A few people have pointed out to me the overbought nature of the McClellan Oscillator. I’ve yet to complete my study of the current situation in regards to the oscillator, but I did find the following quote from a 2004 paper by Tom McClellan very interesting:

“First of all, deeply negative readings tend to indicate conclusion of a down move, whereas extremely high readings tend to show initiation of a new up move…The postings above +200 in September 1998 were a sign that the bulls were going to be coming rushing back in, and they had a lot of money in their pockets to push prices higher for a sustained period of time…So when one sees a very high reading, it may be a sign that a brief pullback is needed, but it is also a sign that higher prices should be expected following that pullback.”

The entire paper may be found here. The quote was taken from pages 24 and 25.

Summary thoughts
Breadth has been extremely strong, but we’ve yet to see a real rush that would look like a “herding” day. The strongest areas in the last week and a half have been those that were beaten down the hardest. Contrary to what some would have you believe, this is NOT unusual at market bottoms. (I’ll review results from my previous post on this later.) I’m continuing to take it day by day. Since exiting my long positions based off my bottom indicators I’ve yet to reallocate heavily either long or short and am waiting for a better edge.

Friday, February 1, 2008

Short-term Implications of Follow Through Days

Time for CANSLIM traders to go back to work. An IBD Follow Through Day triggered today. At Quantifiable Edges I’ve discussed the intermediate-term implications of Follow Through Days in great detail. Catch the entire series so far below:

While intermediate-term traders are rejoicing with today’s Follow Through Day, swing traders are noting how overbought the market has become on a short-term basis. Most of what I’ve read by short-term traders this afternoon and evening has been short-oriented. The prevailing theme is that we are now short-term overbought in a longer-term downtrend (or bear for some). Most people believe these are ideal conditions for shorting.

What swing traders looking to short need to understand is that nearly every Follow Through Day produces short-term overbought conditions in a downtrending market. They frequently arrive within 4-7 days of a bottom. Today was day 7 of the rally. As it was last week, most of the time the reversal off that bottom is violent. This can cause oscillators to become overbought. When the formula calls for a typically violent reversal, a week of gains, and a strong rally on high volume to cap it off – you’re bound to be overbought short-term. Does that mean it’s a good time to try a swing trade short?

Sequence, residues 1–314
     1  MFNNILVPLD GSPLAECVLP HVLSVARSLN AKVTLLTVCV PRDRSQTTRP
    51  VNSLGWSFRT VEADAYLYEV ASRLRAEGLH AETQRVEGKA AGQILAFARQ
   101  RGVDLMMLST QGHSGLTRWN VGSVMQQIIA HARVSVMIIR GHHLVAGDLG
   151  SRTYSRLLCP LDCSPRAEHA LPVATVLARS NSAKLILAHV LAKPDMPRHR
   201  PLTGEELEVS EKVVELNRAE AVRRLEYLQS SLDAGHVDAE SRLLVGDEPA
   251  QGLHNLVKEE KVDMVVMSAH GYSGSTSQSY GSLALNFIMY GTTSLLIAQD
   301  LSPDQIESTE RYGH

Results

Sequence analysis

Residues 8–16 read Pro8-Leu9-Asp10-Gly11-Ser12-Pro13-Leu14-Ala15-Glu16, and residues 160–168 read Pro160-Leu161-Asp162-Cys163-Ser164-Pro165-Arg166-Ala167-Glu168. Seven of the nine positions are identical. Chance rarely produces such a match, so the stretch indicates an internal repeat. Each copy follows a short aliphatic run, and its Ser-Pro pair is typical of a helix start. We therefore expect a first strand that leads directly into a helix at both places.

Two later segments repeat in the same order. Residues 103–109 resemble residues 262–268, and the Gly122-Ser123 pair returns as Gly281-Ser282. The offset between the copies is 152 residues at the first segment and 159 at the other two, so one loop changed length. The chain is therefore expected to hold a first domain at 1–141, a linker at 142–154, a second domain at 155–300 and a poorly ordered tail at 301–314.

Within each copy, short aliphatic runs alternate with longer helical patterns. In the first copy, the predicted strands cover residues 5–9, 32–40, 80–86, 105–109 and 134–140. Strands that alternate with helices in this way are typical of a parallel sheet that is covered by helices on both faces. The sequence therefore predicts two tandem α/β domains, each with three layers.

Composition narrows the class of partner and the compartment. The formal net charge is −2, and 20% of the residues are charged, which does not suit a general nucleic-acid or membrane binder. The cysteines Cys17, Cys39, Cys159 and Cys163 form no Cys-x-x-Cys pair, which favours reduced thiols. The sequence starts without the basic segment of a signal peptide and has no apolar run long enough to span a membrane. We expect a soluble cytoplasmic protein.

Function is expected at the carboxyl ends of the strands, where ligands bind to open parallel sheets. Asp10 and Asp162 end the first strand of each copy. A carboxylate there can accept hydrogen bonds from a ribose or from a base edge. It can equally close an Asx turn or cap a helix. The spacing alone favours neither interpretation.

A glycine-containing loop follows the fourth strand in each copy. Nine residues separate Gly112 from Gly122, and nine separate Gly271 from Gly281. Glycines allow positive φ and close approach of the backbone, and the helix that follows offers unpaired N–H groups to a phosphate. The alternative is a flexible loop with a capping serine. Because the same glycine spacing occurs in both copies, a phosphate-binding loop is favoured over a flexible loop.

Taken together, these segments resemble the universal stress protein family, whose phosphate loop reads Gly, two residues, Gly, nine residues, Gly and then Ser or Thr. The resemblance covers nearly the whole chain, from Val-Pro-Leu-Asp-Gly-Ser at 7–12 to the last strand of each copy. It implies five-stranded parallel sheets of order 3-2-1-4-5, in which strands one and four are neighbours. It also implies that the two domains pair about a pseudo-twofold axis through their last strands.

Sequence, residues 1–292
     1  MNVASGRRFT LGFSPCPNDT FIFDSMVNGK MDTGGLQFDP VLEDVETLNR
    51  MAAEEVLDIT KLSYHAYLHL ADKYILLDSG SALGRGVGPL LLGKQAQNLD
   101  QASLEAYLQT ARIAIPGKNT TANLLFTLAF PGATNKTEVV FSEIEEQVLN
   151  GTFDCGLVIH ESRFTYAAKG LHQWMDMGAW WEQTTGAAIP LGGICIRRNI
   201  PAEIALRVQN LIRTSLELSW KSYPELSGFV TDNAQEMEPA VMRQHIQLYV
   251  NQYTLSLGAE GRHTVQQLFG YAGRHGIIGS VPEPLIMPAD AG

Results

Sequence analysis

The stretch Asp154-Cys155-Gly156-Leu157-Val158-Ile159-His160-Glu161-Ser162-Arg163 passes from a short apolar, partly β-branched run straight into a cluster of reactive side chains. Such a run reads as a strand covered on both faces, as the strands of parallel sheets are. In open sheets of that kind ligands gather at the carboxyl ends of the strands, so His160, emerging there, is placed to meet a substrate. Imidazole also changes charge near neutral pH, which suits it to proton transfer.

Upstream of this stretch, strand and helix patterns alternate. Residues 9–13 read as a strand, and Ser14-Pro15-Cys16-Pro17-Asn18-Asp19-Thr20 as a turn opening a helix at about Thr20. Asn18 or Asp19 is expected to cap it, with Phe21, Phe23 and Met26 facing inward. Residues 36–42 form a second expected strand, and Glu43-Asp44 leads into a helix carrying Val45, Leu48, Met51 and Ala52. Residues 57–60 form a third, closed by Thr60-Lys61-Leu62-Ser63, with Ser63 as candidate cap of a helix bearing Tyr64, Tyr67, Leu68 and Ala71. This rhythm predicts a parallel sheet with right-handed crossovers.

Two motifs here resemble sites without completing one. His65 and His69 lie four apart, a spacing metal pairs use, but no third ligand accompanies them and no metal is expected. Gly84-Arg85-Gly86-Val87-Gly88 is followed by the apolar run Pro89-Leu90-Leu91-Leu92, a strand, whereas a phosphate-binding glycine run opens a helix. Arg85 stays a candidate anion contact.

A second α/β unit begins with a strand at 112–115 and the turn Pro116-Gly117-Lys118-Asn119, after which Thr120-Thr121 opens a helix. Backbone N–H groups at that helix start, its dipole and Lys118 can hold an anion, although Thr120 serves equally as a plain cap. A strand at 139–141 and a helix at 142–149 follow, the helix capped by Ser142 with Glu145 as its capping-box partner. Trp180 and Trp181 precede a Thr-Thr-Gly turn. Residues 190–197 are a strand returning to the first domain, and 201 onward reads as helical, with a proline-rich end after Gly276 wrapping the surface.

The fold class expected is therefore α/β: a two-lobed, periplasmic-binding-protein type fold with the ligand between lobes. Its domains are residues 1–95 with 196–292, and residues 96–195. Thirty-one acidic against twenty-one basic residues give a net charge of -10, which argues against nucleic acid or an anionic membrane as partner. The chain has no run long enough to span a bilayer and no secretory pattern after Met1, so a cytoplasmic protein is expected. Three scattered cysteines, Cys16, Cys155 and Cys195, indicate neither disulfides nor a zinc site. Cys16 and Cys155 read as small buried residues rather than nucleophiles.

To test it I looked at the 1-5 day returns of all 64 Follow Through Days listed in my study. $100,000 per trade. Go long on the close of the Follow Through Day. Exit X days later. Results below:

More often than not the market trades higher over the next 1-5 days. The average win is larger than the average loss. Profits continue to be made on the long-side. Shorting is a losing game in this scenario. Perhaps this disbelief by short-term traders is what helps to continue to fuel the rally as they are constantly forced to cover their losing positions.

Is short-term success or failure indicative of long-term success or failure?
One interesting claim that IBD sometimes makes about Follow Through Days is that those that fail normally do so shortly after the Follow Through Day. I decided to also look at this concept tonight.

I broke the 64 Follow Through Days in my study up into two groups – the successful ones and the unsuccessful ones – to see if their early performance hinted at their chance of longer-term success. Below are the breakdowns – same as above - $100,000/trade, long at the close of the Follow Through Day, and exit X days later.

Early action after Follow Through Days that eventually “succeeded”:

Right off the bat most of these posted nice gains. The short-term winners among the group averaged another 2-3% upside in the first week. The short-term losers suffered 1-1.5% drops on average. Net profits were substantial.

Early action after Follow Through Days that eventually “failed”:

Those that eventually failed tended to show signs of failure right away. Notable here is the average loss was appreciably higher than the average gain.

A basic rule of thumb is that the success or failure was determined with about 67% reliability within the first week after a Follow Through Day. For instance, note there were 41 total trades that were in the black after 5 days. About 2/3 of them went on to “successful” rallies. The same ratio applies for the losers. There were 23 losers after 5 days. 15 of them ended up with “failed” rallies and the other 8 were “successful”. The 2/3 rule holds fairly accurate whether you are looking at winners or losers over any period from 1-5 days after the Follow Through Day. The Unemployment Report tomorrow morning has a chance to set the tone early on in this one.

To summarize the two main points tonight:
1) Don’t be too eager to short. It’s doesn’t have positive expected value just after a Follow Through Day.
2) Watch market action closely over the next week. It should give you a pretty good indication of the intermediate-term.